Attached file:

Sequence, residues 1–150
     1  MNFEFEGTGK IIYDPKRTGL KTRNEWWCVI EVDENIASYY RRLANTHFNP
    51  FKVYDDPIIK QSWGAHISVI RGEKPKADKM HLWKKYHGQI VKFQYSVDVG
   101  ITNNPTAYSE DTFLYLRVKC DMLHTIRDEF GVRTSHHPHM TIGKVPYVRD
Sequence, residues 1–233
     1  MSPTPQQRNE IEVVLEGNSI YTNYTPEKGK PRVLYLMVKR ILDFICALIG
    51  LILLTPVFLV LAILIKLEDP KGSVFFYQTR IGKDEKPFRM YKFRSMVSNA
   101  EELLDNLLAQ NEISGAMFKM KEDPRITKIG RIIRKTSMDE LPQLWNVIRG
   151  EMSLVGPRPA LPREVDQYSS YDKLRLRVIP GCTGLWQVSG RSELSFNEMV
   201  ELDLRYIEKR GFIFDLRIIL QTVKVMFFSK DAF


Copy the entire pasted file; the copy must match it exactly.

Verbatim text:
Sequence, residues 1–150
     1  MNFEFEGTGK IIYDPKRTGL KTRNEWWCVI EVDENIASYY RRLANTHFNP
    51  FKVYDDPIIK QSWGAHISVI RGEKPKADKM HLWKKYHGQI VKFQYSVDVG
   101  ITNNPTAYSE DTFLYLRVKC DMLHTIRDEF GVRTSHHPHM TIGKVPYVRD
Sequence, residues 1–233
     1  MSPTPQQRNE IEVVLEGNSI YTNYTPEKGK PRVLYLMVKR ILDFICALIG
    51  LILLTPVFLV LAILIKLEDP KGSVFFYQTR IGKDEKPFRM YKFRSMVSNA
   101  EELLDNLLAQ NEISGAMFKM KEDPRITKIG RIIRKTSMDE LPQLWNVIRG
   151  EMSLVGPRPA LPREVDQYSS YDKLRLRVIP GCTGLWQVSG RSELSFNEMV
   201  ELDLRYIEKR GFIFDLRIIL QTVKVMFFSK DAF